Nimla or Mimla garden (Nangarhar province)

The Nimla garden (Khogiani district, Nangarhar) was ordered to be constructed by Mughal emperor Shah Jahan on the eighteenth of Sha’ban 1056 Hijri (September 1646) between the time of his coming from Delhi to Kabul, and his return to Delhi [1]. It is said to be the work of the famous architect Ali Mardan Khan, who designed many of the Mughal buildings in the Punjab.

Nimla village lies about 5 miles east of Gandamak and 30 miles from Jalalabad. Its inhabitants are Khogiani Afghans and Tajiks. Mughal emperor Jahangir hunted a female panther between the village of Nimlah and Bagh-I-Wafa (Jalalabad). “On the 24th, between the garden of Wafa and Nimlah, a hunt took place, and nearly forty red antelope were killed. A female panther (yuz) fell into our hands in this hunt. The zamindars of that place, Laghmanis and Afghan Shal, came and said that they did not remember, nor had they heard from their fathers that a panther had been seen in that region for 120 years”. [2]

In 1832 the traveller Lal Mohan passed through Nimla; “25 November: On our road we passed through the beautiful garden of Nimlah, which refreshed our sight. The fine scented nargis (narcissus) abounded in this orchard.” [3]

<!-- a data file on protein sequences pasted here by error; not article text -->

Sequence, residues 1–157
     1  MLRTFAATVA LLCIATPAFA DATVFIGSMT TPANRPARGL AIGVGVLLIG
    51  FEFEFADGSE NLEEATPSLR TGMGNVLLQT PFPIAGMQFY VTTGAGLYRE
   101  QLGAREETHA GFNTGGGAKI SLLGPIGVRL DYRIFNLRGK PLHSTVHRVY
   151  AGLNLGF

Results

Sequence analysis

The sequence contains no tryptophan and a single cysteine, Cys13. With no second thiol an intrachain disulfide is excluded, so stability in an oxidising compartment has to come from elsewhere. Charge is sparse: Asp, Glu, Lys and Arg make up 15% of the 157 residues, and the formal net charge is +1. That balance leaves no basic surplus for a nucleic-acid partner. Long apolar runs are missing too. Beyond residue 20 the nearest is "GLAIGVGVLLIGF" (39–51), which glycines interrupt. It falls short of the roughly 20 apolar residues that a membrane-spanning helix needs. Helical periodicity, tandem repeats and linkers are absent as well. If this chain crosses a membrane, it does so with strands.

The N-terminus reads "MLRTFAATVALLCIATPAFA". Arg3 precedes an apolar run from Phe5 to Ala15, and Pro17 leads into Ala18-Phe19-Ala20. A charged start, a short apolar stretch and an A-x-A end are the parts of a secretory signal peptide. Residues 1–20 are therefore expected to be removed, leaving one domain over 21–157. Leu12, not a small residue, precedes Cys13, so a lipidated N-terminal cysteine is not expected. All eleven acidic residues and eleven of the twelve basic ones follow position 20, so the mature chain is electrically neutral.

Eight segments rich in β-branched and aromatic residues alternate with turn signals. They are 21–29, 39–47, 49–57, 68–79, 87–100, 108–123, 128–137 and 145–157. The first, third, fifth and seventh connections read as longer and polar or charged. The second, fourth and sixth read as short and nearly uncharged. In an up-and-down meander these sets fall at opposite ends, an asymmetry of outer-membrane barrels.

Charles Masson describes the village and garden in 1830s as, “This village is a small one of eighty houses, but the garden appears very advantageously with its tall cypress- trees. It is famed for narcissuses, posies of which are sent as presents to Kabal”. [4]

Nimla Bagh, Khogiani
Nimlah or Mimlah Bagh (Khogiani district, Nangarhar), with soldiers in the foreground, taken by John Burke in 1878.


1- “Siraj al-Tawarikh”, English translation, p-1604
2- Tuzuk-e-Jahangiri, ‎Henry Beveridge’s translation, p-125
3- “Travels in the Panjab, Afghanistan,Turkistan, to Balk, Bokhara, and Herat”, 1846 …By Lal Mohan
4- “Narrative of Various Journeys in Balochistan, Afghanistan”, Vol-3, p-186


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